Tuesday 12 January 2010

The coldest night...

We still seem to be gripped in Narnia-like winter with snow thick on the ground and fresh falls masking slippery ice.

Several times over the past week I've seen news headlines proclaiming "The Coldest Night of the Year". It certainly seems a time when any sensible creature - human or otherwise - would want to be hibernating rather than venturing outside.

Unfortunately, unlike in Narnia, Christmas has been and gone but winter is still here and the summons back to work can't be avoided if one wants to earn enough to pay the bills and eat.

One lunch hour last week I went for a wintry stroll around London's Bunhill Fields Burial Grounds. Part of the ancient graveyard is a public park and the lane running through it is often used by pedestrians as a shortcut so it is usually a busy place, but on that day it was almost deserted.

I found myself wandering alone among the silent tombs with only a hopeful squirrel, a few pigeons with their feathers puffed up against the cold and a solitary sorrowful magpie for company.

On my iPod, while standing on freezing station platforms waiting for delayed trains home, I've been listening to The Coldest Night [The Crow & the Salmon] from Rigantona's Daughters by Scott Jasper and Susan Garlick:

"Has there ever been a night as cold as this?
Has the land ever been so frozen deep in winter's grip?
If so, it must have been far and long ago,
I call to seek the answer from one who might know..."
The song is about the coldest night in history, far colder than our winters these days and only recalled in legend or perhaps in ancestral memory of the oldest animals of our lands.

In Irish and Welsh tales, the crow and the salmon are mythological creatures of cunning and wisdom. The song The Coldest Night describes a battle between them that is both a physical struggle for survival in a land where water is frozen and food is scarce, and a magical contest of wits between the king of water and the queen of air for knowledge that comes from deep within the land.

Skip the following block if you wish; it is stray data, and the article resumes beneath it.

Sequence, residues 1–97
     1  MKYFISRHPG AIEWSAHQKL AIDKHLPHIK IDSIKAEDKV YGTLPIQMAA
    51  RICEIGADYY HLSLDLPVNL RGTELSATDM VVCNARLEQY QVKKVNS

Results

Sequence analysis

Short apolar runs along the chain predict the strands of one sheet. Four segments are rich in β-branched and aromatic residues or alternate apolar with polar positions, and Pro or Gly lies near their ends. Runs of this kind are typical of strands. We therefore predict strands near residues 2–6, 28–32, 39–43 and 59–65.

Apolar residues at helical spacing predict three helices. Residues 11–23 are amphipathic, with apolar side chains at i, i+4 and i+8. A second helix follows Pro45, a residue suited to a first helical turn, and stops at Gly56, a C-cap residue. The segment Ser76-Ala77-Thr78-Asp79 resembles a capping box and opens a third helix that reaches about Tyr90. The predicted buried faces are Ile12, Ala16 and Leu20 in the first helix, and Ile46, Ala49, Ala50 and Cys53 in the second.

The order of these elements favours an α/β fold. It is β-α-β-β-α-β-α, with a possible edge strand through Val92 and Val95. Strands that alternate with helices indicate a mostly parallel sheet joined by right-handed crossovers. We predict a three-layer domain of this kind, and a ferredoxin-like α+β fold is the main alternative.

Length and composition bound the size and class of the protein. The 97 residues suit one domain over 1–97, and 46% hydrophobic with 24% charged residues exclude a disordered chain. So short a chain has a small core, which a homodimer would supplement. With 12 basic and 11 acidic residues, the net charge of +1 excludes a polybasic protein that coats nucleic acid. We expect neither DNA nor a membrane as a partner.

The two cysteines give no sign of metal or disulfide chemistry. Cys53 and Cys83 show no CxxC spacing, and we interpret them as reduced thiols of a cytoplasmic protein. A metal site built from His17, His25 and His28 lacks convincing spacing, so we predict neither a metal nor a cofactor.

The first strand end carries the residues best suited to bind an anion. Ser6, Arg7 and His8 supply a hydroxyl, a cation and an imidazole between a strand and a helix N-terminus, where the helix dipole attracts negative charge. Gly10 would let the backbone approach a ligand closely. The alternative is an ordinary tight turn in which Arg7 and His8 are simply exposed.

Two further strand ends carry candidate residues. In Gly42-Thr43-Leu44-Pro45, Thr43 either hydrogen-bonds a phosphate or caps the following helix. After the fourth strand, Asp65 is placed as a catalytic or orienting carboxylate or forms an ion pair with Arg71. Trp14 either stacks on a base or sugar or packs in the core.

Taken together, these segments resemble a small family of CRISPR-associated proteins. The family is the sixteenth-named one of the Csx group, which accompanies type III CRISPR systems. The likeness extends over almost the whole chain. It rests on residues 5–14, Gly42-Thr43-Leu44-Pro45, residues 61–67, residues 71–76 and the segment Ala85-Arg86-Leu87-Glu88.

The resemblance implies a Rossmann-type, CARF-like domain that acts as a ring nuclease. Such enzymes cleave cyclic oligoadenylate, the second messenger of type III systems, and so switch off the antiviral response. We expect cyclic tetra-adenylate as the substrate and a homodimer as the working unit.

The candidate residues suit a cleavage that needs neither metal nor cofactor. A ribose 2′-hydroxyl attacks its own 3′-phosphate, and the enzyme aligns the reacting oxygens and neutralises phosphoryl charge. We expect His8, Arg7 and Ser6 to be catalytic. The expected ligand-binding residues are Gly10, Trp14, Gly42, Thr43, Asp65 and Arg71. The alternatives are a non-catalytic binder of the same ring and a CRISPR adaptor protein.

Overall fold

Well, if I was seeking ancient creatures of wisdom, I was certainly out of luck at Bunhill Fields Burial Ground. There weren't any crows about, although I guess the magpie might be considered their mischievous cousin. Pigeons certainly aren't known for their intelligence and the grey squirrel is a recent American visitor to our shores. I suspect the closest salmon was probably in a tin on a supermarket shelf.

But there was one thing I realised as I watched the magpie, pigeons and squirrel trying to find food and shelter from the cold in the frozen graveyard - wild creatures can do with a bit of help to survive this bitter winter.

So, over the weekend, I didn't entirely hibernate inside my centrally-heated home, I ventured outside with scraps of food and bird seed for any of the birds, squirrels, foxes and other wildlife in my garden.



The Greenwich Phantom said...

Fantastic photos, BW! Really beautiful. Anyone would think you had new gear ;-)

Badwitch said...

Thanks very much! Though I actually took the pics with a very old camera - an Olympus Camedia that is abotu 9 years old! It takes lovely photos still, just not very high on the megapixels.